Looking to increase sales, manage relationships with your customers and increase public awareness? This Guide reviews tips and basic methods for getting your sales strategy going.
Define Your Target Market
In order to secure sales, first define whom you are selling to. Think about who your most profitable, valuable customer will be. Precisely defining and segmenting your market allows for dedicated advertising and a focus on groups who not only have the desire, but the capacity to purchase your offering.
One basic starting point is to determine if you are selling to other businesses or individual consumers. From there you can consider other factors, such as:
- Gender, age, income level
- Behaviour, lifestyle
- Values, desires, needs
- Market conditions
- Contract timelines
- Financial stability
Understand Your Competitive Advantage
Be able to immediately answer this question:
Why should I choose you over your competition?
Your competitive advantage is a legitimate testament as to why you have, or should have customers. Being able to articulate your advantage means you are confident in your offering and have prepared a value proposition for your potential buyer. Keep in mind that your competitive advantage can be a general benefit that all customers receive, or it could be customer specific. From there you can consider other factors, such as:
- Delivery Time
- Customer Service
Develop a Concise Pitch
A pitch is a short, verbal explanation of your offering. Your pitch should highlight the benefits of your product or service, market served, and contact information or an invitation to learn more.
Instead of simply saying, “I own a bakery,” say, “I can make custom-decorated cupcakes for your next reception that your guests will never forget.” Follow it up with proposed next steps and contact information such as, “drop by next week for a free sample at our store at the corner of Main and George.”
Practice your pitch as many times as you can. Practice in front of your friends and family, or video record yourself. You never know when you will have an opportunity to pitch to your target audience. Be ready to capitalize on the time you have, even if it’s one minute.
Keep Marketing Materials on Hand
Business cards, pamphlets and promotional products help potential customers or referrals remember the interaction. If the person you speak to isn’t your target buyer, he/she still might pass it on to someone they know who could benefit from your offering. When developing marketing materials include, consider the following:
- Ensure business and contact information is up to date and correctly spelled.
- Print a sample to ensure colour and formatting accuracy.
- Read the document aloud to ensure word flow is natural.
- Ask other people to review both the text and visual components.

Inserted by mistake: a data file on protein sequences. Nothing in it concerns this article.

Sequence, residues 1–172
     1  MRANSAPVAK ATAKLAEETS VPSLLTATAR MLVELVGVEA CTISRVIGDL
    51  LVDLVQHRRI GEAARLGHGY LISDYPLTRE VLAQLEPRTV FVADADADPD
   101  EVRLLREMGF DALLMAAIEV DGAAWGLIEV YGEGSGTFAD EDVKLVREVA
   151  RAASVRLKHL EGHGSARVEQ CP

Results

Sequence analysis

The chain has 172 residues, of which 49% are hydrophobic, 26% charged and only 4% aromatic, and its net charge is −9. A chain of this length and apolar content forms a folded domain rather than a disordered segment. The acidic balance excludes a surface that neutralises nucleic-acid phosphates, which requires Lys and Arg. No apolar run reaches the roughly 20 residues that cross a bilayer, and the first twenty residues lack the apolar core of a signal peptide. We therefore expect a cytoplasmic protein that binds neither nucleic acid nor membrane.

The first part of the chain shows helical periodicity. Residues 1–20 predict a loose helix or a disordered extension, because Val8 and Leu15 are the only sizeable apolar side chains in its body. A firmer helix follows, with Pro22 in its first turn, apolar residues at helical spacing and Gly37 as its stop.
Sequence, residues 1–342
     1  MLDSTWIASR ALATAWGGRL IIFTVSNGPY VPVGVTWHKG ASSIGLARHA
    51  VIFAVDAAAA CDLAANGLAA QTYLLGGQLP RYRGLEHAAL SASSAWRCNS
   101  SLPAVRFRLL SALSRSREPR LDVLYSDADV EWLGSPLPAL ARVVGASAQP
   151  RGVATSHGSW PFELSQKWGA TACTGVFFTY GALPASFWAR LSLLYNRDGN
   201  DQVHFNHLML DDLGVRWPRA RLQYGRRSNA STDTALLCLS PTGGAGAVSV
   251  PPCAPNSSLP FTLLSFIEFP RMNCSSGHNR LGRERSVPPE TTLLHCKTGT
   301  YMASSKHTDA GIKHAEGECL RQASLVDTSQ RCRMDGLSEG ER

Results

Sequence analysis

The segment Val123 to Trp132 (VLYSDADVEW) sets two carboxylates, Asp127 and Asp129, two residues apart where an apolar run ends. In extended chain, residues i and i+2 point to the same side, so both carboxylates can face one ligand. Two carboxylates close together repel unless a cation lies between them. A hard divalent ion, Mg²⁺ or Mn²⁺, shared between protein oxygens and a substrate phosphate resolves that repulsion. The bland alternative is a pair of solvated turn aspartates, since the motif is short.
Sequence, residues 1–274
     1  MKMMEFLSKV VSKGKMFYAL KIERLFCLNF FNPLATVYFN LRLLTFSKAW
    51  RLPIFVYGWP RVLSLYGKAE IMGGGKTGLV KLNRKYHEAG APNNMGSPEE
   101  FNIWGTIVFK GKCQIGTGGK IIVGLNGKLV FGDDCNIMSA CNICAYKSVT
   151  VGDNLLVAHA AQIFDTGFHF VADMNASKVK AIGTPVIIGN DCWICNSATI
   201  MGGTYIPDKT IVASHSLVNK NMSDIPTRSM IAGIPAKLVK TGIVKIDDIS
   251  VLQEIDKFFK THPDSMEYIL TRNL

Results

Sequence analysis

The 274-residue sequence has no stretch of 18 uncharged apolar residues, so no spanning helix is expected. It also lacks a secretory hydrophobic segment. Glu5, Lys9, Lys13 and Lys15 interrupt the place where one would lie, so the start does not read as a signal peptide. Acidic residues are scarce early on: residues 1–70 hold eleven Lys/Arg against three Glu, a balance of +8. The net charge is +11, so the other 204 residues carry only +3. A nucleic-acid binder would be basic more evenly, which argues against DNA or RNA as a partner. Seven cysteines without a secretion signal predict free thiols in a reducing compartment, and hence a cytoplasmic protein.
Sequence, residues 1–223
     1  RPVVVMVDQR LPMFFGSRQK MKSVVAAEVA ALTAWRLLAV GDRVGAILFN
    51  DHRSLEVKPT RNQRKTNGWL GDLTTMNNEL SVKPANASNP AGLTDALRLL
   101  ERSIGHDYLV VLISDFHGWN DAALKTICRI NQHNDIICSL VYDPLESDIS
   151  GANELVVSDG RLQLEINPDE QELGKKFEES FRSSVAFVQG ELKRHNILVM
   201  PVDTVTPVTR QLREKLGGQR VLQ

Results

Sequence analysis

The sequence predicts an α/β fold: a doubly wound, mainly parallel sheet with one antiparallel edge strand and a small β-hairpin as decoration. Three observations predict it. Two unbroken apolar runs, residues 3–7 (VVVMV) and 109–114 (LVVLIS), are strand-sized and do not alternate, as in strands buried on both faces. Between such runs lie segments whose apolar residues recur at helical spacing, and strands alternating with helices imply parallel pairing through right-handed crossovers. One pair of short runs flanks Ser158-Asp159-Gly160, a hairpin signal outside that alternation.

- If possible, exclude prices on your materials.
Identify Partnership Opportunities
Find other businesses that complement your offering. Cross-promoting could be as simple as a referral system exclusive discount. Reaching out to companies that serve the same market as yours is an easy way to meet your target audience; however, it is important to ensure the fit is a proper one. Some factors to consider are:
- Credibility: does the cross promotion enhance both reputations?
- Fit: are customers similar and interested in both offerings?
- Growth: Are they different enough that new customers will be gained?
- Strengths: Do the internal strengths and values of the companies align?
Be Comfortable with Rejection
Not everyone you speak to will be prepared to do business with you. Be able to handle rejection and respect those who do not show interest in your offering. Listen to and acknowledge their reactions, comments and suggestions.
Remain positive when meeting with potential customers. Even if they do not do business with you, their opinion and perception is important and you could still reap a transaction through a referral.
If you are continually being turned down, there might be a flaw in your pitch or business model that is preventing potential buyers from doing business with you. Try to gather feedback to help improve your chance of success. You may need to work on your presentation skills, shorten your pitch, or provide more information on your offering.
Create and Maintain a Positive Image
Customers and the public will create a perception of you based on your actions and choices. Sometimes this perception is not in your control, but working on having a positive image will help clear possible negative opinions away. Consider boosting your positive image by:
- Selling with a client-centric approach. Sometimes your product or service is not the best fit for the customer. Show you care more about the customer than selling your product.
- Investing in a user-focused website. Make it as intuitive, simple and user-friendly as possible.
- Telling your story and speaking to customers one-on-one to make customers feel like your friends and family.
- Making the job look easy; avoid complaining or indicating inconvenience.
- Treating your employees well. They are ambassadors to your brand.
- Increasing your customer’s knowledge and focusing on empowering or educating them about the solution and post-sale tips.
- Learning from the customers that complain. Accept their criticism gracefully and ensure them you are hearing what they need.
- Giving back to a local community charities or associations through volunteering your time or accepting a sponsorship opportunity.
How well you market your business and interact with your customers is entirely up to you, and can vastly influence your success and present new opportunities. Prospecting for potential business is a difficult task and will continually demand an entrepreneur’s attention. Being comfortable with representing your business and “getting in front of people” takes time. Remember, finding new business is the epitome of being a business owner.